March 14, 2010

Taste & Tell: At JP's Bistro, you will find something irresistible


If you like butter and garlic – and so many of us do – you will revel in a meal at JP's Bistro, squeezed into an intimate space in the Rosemont neighborhood of Portland.

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Bartender Jennifer Hart mixes drinks at JP’s Bistro in Portland. Owner and chef John P. Gagnon, who has a background in continental cuisine, has a long history in the restaurant business in Portland. His plan? A good product at a good price.

John Patriquin/Staff Photographer


JP’S BISTRO, 496 Woodford St., Portland; 899-4224


HOURS: Open for dinner 4 to 9:30 p.m. Tuesday to Thursday and 4 to 10 p.m. Friday and Saturday

CREDIT CARDS: Visa, Mastercard, Discover and American Express

PRICE RANGE: $15 to $19

VEGETARIAN DISHES: Eggplant rollatini, stuffed portabello mushroom with chevre

GLUTEN-FREE: By request

KIDS: Ravioli, chicken cutlets and pasta alfredo by request.


BAR: Full


BOTTOM LINE: Grilled steak and seared scallops are among the straightforward good standards served for dinner at JP’s Bistro.

Rating based on a five-star scale. It is the policy of the Maine Sunday Telegram to visit an establishment twice if the first dining experience was unsatisfactory.

Owner and chef John P. Gagnon opened his restaurant on Dec. 8. "I started out years ago with John Martin – from the Merry Manor," Gagnon said. "My last stint I worked for Tom Manning at Miss Portland Diner. I helped set that up."

With a background in continental cuisine, Gagnon waited until the age of 44 to become a business owner. It was something he had always planned to do, and he knew he would be sorry not to try to succeed. "My theory is I want to give a good product and give the customer a good price and keep them coming back," he said.

He has pleased customers for years during his Portland-area career, and he makes sure they can find something at JP's they will like.

Pan-seared scallops and Parmesan-crusted haddock have been among his most successful entrees, but lamb and homemade gnocchi are likely to show up on the list in the future.

Exposed brick and pale walls surround the two small rooms, one holding the kitchen corralled inside a high divider wall. A chalkboard displays the specials and is truly easy to see from almost any spot, while a bar against a window and tall tables share the narrow space left free in front of the kitchen.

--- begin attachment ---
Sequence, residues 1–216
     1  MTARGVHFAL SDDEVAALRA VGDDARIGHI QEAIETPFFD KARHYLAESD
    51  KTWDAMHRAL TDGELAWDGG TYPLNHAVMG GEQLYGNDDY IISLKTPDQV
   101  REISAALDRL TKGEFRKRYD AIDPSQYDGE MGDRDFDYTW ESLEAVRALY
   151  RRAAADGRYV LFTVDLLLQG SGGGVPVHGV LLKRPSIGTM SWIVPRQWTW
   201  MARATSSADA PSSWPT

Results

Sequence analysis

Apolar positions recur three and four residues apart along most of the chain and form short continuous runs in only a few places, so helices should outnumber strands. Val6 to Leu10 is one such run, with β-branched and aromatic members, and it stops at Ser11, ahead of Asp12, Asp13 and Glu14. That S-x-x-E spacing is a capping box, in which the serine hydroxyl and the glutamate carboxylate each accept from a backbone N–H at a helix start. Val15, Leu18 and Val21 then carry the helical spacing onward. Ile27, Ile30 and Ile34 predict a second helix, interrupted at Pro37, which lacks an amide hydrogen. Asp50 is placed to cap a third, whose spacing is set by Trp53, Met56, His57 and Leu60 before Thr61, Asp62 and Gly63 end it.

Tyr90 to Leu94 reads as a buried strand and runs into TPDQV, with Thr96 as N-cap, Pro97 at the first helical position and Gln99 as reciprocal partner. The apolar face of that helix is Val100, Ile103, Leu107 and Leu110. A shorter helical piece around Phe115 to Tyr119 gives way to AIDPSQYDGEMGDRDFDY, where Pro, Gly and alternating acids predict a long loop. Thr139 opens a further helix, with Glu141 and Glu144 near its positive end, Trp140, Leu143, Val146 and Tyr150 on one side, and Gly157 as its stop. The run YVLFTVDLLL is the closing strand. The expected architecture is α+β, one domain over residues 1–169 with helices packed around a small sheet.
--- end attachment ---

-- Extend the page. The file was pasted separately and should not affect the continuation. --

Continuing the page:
The fireplace set into the wall at the end of the bar area under a big clock is more a visual tease than a cozy spot to huddle close and get warm, particularly since the space in front of it is also an access point to the kitchen.

An additional table required by my party of three rose up from the basement steps on the night of my visit, the legs of the man hoisting it coming into sight after the table itself. It was put into use only when we arrived, keeping some area free behind a table of five beforehand.

It was no matter to our capable server, however, who seemed to appear on cue each and every moment we required her.

A Bombay gin martini ($7.50) tasted just right, the big fat olive on its little green plastic sword sunk below the surface until an inch of liquid was sipped away. A Tanqueray gin and tonic ($6.75) was the short version; it can be ordered in a tall 16-ounce glass.

Among the modest wine list of 12 reds and 10 whites (nine by the glass), Fleur de California Pinot Noir ($32) from Carneros was soft and light, a pleasure to drink.

Gagnon said he was changing the list's Malbec and Cabernet Sauvignon soon. "I'm trying to keep it a $6 pour – I'm trying to keep it affordable. It's tough out there," he said.

Mussels ($9) served in a salty, buttery and of course garlicky broth studded with cherry tomatoes were small and fresh, and irresistible in that presentation. An arugula salad ($9) founded its success on the freshness of its small arugula leaves. Although the moment for candied pecans has passed elsewhere, they live on here and in innumerable other dining rooms for the simple reason that folks love them – ditto for dried cranberries.

There was garlicky butter served with chewy, warmed white bread.

Rustler Rib Eye ($19) has garlic butter on it, our server explained.

Two large scoops of garlic butter, like the one that arrived to spread on the bread, were still dissolving their riches across the grilled meat when it arrived at the table, and such profligacy with the garlic butter made the meat even more irresistible than the mussels. It reminded me of watching the chefs through the window of Street and Company, the seafood restaurant on Wharf Street, as they shoveled butter into pans with Dionysian exuberance.

(Continued on page 2)

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